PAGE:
- Police use of a firearm, which includes the presentation or discharge of a gun and the discharge of a Taser or CS/PAVA spray.
6. What type of investigations must the Scottish Police Authority refer to the Commissioner?
The Scottish Police Authority (SPA) must refer to the Commissioner:
- Any circumstance in which there has been a serious incident involving a member of the Authority's staff.
- Potential misconduct by a senior officer of Police Scotland, if the Authority considers that the matter needs to be investigated.
7. Which type of investigation reports can the Commissioner publish?
- Investigations directed by the Crown Office and Procurator Fiscal Service (COPFS)
Our findings and report to COPFS are confidential and will not be published.
- Investigations referred by the Chief Constable or other policing bodies operating in Scotland
The Commissioner may publish the conclusions unless criminal proceedings are still being considered.
- Investigations referred by the Scottish Police Authority (SPA) regarding misconduct by a senior officer of the rank of ACC and above.
The Commissioner is not authorised to publish these reports.
8. What is the PIRC’s Complaint Handling Review process
- Once we have received an application for a Complaint Handling Review (CHR), we will request the case papers relating to the complaint from the policing body involved.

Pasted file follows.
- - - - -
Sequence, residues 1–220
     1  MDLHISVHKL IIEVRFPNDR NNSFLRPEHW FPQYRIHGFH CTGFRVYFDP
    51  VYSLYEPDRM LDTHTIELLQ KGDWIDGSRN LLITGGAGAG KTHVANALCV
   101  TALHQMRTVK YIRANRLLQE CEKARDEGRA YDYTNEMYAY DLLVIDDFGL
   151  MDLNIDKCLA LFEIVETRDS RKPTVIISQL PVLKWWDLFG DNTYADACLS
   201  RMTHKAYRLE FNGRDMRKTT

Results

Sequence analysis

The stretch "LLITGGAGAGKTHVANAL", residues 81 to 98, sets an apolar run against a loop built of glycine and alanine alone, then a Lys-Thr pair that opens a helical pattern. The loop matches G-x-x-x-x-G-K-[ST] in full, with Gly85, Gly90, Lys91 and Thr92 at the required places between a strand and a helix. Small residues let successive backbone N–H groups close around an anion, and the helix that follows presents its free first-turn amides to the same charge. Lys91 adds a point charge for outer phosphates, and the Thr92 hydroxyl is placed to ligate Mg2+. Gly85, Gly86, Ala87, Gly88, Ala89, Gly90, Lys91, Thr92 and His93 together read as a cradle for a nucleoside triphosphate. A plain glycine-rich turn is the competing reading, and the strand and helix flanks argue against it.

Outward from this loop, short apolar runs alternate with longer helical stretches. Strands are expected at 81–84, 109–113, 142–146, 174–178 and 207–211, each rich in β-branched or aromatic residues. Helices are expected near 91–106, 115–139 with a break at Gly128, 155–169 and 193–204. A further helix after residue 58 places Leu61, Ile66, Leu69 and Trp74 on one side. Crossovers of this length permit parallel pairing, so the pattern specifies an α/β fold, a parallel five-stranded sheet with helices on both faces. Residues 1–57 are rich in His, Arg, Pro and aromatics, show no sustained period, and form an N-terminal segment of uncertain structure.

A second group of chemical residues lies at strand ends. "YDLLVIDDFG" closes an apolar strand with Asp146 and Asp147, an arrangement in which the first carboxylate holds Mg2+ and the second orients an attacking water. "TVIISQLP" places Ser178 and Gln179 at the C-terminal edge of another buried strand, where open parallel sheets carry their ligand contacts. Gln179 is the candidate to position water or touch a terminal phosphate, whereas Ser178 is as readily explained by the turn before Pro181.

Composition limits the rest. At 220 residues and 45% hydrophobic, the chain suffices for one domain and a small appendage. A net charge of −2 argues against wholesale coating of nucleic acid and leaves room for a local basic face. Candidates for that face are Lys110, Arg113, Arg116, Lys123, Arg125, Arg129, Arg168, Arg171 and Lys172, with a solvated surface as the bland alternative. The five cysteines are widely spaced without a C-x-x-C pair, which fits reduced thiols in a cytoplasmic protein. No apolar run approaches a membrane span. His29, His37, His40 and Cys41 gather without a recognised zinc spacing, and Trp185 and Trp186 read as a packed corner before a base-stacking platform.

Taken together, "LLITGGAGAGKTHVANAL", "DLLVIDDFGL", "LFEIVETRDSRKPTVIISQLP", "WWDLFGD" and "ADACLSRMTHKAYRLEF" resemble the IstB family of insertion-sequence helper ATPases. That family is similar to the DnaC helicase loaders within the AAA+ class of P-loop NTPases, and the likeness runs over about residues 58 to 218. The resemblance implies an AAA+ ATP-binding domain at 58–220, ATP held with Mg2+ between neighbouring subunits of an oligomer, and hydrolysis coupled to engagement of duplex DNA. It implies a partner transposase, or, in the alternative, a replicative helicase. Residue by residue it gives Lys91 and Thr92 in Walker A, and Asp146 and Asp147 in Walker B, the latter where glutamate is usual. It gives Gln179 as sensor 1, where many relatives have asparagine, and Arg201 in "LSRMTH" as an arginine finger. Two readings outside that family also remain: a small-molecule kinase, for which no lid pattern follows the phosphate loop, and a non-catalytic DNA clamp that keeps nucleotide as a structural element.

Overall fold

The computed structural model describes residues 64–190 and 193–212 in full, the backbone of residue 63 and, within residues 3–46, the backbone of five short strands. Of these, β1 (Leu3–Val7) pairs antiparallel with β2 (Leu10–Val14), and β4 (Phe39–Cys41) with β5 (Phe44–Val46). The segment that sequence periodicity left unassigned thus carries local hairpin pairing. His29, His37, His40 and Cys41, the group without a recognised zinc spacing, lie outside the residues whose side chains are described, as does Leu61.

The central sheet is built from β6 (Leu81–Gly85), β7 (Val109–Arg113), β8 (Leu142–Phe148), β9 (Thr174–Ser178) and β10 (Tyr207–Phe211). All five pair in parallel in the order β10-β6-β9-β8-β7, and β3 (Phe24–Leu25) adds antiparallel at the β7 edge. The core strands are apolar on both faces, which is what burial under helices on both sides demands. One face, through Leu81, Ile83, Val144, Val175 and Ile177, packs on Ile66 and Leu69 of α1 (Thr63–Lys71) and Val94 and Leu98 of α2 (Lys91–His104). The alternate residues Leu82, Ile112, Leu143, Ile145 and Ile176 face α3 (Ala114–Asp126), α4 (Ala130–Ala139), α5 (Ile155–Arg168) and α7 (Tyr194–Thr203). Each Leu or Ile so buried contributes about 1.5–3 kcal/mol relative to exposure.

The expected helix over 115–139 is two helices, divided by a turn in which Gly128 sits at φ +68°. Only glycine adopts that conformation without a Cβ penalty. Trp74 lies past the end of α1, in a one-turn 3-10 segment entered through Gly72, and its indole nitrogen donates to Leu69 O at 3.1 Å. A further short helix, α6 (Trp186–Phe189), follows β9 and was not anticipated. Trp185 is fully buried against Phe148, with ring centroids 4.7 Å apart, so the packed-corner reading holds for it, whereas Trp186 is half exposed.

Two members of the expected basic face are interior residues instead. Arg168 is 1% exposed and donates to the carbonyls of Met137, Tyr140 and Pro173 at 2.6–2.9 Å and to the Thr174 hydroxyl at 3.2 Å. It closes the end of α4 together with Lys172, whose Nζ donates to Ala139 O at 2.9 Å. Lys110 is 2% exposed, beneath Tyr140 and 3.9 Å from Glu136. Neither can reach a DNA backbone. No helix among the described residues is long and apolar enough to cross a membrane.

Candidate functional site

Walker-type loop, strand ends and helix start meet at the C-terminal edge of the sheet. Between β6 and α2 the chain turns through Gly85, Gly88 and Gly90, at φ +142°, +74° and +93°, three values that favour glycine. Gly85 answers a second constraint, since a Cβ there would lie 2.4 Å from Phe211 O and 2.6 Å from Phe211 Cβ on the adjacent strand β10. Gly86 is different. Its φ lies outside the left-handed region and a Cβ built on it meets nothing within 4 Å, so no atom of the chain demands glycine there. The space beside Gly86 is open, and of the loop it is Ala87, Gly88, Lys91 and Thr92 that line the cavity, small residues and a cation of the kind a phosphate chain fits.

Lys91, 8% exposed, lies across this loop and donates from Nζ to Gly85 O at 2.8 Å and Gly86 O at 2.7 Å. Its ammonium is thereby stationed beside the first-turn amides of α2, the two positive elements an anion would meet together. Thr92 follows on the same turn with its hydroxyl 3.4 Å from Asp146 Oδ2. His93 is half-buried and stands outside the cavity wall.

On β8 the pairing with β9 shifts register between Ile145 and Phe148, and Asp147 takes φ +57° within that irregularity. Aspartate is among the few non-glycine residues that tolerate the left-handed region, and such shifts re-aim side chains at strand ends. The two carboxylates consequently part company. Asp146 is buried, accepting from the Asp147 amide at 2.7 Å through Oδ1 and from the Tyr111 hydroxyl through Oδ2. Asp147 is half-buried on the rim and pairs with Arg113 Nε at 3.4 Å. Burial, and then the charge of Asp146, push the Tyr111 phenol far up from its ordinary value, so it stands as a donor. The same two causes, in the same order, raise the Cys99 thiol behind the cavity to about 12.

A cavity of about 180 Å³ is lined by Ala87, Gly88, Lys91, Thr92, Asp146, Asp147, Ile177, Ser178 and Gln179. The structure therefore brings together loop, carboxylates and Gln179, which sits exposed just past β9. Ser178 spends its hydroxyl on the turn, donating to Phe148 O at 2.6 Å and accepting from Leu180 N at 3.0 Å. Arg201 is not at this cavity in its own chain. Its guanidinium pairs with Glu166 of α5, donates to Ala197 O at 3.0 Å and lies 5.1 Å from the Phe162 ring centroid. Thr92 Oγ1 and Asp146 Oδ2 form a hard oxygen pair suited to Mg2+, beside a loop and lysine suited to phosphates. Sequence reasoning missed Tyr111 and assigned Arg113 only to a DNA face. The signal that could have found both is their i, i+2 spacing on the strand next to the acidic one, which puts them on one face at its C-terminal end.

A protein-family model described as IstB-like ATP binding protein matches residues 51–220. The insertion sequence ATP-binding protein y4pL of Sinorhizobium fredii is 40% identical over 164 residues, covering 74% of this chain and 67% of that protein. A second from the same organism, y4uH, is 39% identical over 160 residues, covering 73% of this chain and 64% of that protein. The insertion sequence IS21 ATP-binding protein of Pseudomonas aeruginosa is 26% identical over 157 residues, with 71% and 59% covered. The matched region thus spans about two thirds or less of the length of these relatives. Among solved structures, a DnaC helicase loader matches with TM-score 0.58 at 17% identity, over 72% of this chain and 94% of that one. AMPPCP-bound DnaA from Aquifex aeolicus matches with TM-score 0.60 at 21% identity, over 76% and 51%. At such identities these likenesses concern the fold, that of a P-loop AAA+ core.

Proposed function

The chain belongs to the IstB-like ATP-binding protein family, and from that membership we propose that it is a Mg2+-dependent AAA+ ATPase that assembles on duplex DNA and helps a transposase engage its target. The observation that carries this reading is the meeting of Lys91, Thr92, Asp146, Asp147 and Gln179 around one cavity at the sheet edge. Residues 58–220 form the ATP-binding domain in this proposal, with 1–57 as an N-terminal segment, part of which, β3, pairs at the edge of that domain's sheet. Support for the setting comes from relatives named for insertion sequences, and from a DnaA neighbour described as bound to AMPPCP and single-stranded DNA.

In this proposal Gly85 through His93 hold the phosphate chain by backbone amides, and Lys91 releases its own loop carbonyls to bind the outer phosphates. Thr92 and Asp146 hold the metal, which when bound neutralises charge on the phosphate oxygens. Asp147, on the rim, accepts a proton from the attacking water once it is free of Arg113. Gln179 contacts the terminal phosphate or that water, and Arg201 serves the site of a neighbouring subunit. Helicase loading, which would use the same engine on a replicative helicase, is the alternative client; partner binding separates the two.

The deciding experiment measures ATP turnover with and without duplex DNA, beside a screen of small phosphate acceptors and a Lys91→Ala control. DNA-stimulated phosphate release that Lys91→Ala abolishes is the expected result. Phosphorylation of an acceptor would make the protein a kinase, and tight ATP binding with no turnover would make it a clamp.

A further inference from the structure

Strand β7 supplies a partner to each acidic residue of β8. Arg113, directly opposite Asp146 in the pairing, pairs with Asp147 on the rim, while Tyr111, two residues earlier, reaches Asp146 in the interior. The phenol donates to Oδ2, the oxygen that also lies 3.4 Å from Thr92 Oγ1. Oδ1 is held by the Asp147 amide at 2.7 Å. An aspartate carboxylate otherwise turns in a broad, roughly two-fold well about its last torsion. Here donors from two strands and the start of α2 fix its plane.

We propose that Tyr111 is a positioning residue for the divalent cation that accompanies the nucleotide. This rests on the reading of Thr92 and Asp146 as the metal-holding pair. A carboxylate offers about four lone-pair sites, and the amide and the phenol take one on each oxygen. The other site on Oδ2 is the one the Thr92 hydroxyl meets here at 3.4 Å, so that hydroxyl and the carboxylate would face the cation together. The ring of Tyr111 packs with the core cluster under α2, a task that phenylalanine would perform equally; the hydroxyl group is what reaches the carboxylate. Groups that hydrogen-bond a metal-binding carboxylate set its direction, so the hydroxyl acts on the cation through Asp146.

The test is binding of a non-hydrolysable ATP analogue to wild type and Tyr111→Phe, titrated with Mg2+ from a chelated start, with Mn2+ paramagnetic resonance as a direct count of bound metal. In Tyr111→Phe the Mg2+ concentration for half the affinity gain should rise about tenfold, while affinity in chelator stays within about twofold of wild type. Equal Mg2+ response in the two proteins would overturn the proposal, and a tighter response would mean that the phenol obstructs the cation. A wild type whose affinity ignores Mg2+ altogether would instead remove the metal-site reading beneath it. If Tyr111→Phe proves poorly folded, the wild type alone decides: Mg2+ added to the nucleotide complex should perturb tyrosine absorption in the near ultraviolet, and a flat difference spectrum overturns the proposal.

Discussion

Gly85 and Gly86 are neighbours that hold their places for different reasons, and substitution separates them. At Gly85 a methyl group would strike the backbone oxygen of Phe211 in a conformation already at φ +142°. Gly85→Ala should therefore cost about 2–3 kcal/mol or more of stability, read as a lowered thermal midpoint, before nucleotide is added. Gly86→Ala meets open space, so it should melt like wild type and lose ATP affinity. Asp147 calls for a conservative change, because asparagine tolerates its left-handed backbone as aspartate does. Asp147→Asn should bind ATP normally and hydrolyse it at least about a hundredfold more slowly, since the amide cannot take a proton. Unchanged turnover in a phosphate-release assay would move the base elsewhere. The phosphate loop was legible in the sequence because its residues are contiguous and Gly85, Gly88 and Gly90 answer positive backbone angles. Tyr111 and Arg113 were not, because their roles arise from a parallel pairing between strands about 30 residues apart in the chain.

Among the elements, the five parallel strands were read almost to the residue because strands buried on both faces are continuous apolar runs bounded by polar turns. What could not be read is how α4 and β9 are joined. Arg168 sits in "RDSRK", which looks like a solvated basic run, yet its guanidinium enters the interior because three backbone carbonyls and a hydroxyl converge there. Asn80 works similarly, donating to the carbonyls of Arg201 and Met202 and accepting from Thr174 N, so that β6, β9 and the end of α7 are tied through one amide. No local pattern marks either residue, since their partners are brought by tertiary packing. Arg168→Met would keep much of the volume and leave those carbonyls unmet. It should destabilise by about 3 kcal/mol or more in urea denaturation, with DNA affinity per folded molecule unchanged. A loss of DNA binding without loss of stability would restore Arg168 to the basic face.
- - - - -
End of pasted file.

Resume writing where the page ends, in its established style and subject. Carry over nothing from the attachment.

- We examine the facts of the case and will consider whether or not the information available supports the complaint.
- We will also look at the policing body's response and consider whether this addresses the complaint. We will then form a view on whether the complaint was dealt with to a reasonable standard.
- The outcome of the Complaint Handling Review will be explained in a report which will be sent to both the applicant and the policing body.
- The report sets out our views on how the policing body handled the complaint.
- Any recommendations we make should be implemented by the policing body within two months of the date of our report.
- We will liaise with the policing body on the implementation of any recommendations.
- The policing body should provide the applicant with any final updates on progress.
- The applicant will receive a letter from the policing body to let them know when any accepted recommendations have been carried out.
- Any police officer or member of civilian staff involved in the complaint will also be informed of the outcome of the PIRC review.
- Some of our reports are published in a summarised format, online.